SAN ANTONIO − The actual game for the U.S. Army All-American Bowl takes place at 1 p.m. (EST) Saturday, but the competitive minds and mouths of both the East and West teams have been at it all week.
Wednesday brought the Skills Challenge, a six-round event that would challenge the ability of both teams and give one side bragging rights for the rest of the week.
"The East has been talking about a lot back at the hotel," safety Chris Metcalf said. " we were really trying to get after them today."
It was the West that got after the East at the beginning. The kickers were the only group to mosey into the Alamo Bowl before 8 a.m. as they were set to kickoff the festivities with the field goal challenge and red zone challenge.
Keller (Texas) kicker Chris Boswell showed up in a big way. After winning the field goal challenge by nailing 10 of 12 kicks, including two 50-yarders, Boswell wrapped things up by combining with West teammate Jackson Rice in the red zone challenge. The two hit a total of three kicks inside the 20-yard line.
"Jackson and I gave them a pretty good head start with the 2-0 lead. I felt pretty good about today," Boswell said. "This really had nothing to do with this week, though. It's all about what you can do during the game that counts."
While Boswell left observers wondering if he'll produce at the same high level on Saturday, it was time for the quarterbacks to take over the events.
"We just knew that we had to win it," Georgia commitment Aaron Murray said. "Going down 3-0, we probably would've lost . We have a great group of quarterbacks on the East side, and we're just trying to do our thing."
While doing their thing, the East quarterbacks went into the cat & mouse event and made an early statement. The goal was to choose between throwing the ball into two stationary targets. That's way too easy for these gunslingers, though, so an opposing All-American defensive back was thrown into the middle for good measure.
"It's difficult especially going against those corners," Murray said. "They are the fastest in the nation. You can't lob it in there or you can't be peeking at one target or the other or they'll jump the pass and pick it off. It was difficult, but I think we did a good job at it."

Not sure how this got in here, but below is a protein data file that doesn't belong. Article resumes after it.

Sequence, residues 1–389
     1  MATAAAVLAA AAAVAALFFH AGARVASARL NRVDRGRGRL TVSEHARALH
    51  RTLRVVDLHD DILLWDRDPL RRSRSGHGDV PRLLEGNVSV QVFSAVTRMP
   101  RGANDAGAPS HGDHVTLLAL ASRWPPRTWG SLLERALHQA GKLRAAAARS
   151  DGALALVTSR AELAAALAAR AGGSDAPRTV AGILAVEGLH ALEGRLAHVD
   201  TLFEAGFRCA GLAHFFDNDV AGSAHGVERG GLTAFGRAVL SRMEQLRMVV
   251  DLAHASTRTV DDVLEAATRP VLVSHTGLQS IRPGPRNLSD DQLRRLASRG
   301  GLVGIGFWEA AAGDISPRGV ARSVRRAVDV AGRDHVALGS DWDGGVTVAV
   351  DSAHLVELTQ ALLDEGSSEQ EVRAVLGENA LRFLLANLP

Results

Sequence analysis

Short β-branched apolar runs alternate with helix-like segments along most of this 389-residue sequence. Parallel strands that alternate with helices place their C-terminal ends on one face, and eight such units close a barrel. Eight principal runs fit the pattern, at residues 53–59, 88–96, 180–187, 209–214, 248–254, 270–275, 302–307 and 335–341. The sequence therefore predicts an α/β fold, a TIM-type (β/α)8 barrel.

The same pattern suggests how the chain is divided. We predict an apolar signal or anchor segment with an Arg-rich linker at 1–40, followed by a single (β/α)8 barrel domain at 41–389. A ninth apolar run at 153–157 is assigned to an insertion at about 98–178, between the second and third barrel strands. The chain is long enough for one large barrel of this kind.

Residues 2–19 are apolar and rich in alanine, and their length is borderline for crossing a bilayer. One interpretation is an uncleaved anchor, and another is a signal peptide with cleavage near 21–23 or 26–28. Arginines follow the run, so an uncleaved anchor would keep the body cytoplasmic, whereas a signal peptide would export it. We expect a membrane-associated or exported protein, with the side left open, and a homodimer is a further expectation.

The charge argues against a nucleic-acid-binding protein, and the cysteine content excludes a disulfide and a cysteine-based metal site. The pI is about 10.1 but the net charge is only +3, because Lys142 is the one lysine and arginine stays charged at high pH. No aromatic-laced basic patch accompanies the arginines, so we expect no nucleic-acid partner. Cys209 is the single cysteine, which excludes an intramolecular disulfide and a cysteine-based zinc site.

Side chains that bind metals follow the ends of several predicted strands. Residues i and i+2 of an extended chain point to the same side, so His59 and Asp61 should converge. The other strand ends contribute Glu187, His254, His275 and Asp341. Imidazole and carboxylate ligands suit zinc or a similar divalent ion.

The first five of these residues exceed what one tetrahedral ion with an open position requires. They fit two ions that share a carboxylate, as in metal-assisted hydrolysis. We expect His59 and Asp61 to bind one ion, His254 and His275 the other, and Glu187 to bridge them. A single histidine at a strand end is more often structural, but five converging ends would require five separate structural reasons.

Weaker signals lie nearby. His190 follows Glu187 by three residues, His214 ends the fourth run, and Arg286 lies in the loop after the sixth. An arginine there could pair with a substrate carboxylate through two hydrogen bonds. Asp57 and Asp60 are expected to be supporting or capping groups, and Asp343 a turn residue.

The East took their momentum into the next event, the rapid fire five-step drop. The quarterbacks were put in the goal line and forced to throw it to a receiver 30 yards down the field, surrounded by four cones in a five-yard-by-five-yard box. West quarterback A.J. McCarron hit his receiver nearly every opportunity all morning long and was definitely one of the best at his position.
"I felt like it's taken me a day or so to get used to these balls that we are using," McCarron said. "It's a different type of ball. I found a couple that I liked this morning and stuck with them. I felt like I was in a groove. That's the biggest part of this competition is finding a rhythm. If you can find a rhythm then you'll find a way to showcase your talent."
Unfortunately for McCarron, more of the East players were able to find their rhythm as they were down by one going into the gauntlet event for the wide receivers.
Lined up from one sideline to the other were six quarterbacks, three on each side and 10 yards apart. The receiver was placed directly in the middle and was forced to alternate their catches from each side and then sprint 30 yards to the end zone at the end of this timed event.
"I was just trying to focus back and forth on both quarterbacks and trying to catch every ball," Michigan commit Jeremy Gallon said. "It was just mainly practicing on your concentration. It was all about bringing the ball in and concentrating on the ball."
The East tied it up at 2-2, then fell behind by one heading into the lineman 2-man push sled. Having to push a sled for 10 yards, running around tackling dummies and then bear crawl and pick up a football in the final 10 yards, the big boys from the East showed that they knew how to finish.
The East won the event to tie it up, and the two sides were forced to go to an overtime obstacle course. Like all the events previous, men and women who are currently serving in the Army were mixed in among the All-Americans and competed for their respective team.
"I've been impressed with their skills," running back Christine Michael said. "Some of them were pretty fast and looked like they've played sports before. They were very athletic so it was cool."
This was some of the first real contact that the players had been able to have with those currently serving. It impacted many of the individuals in a big way.
"The army guys are wonderful," Howell said. "They're out here having a good time with us and it feels just like one big family. They work hard just like us. They're slogan says it - Army Strong. They're beasts just like everyone else out here is."
The West scraped by with a last-second victory and proved that things are going to have to wait to be settled until Saturday. Still, the event proved to be a symbol of what this weeklong bowl is about - the Army and the country's best athletes, coming together and proving how similar they really are.
"I've never realized how important the Army guys are until now," Michael said. "I'll pay a lot of attention to them now. They mean a lot to the United States of America."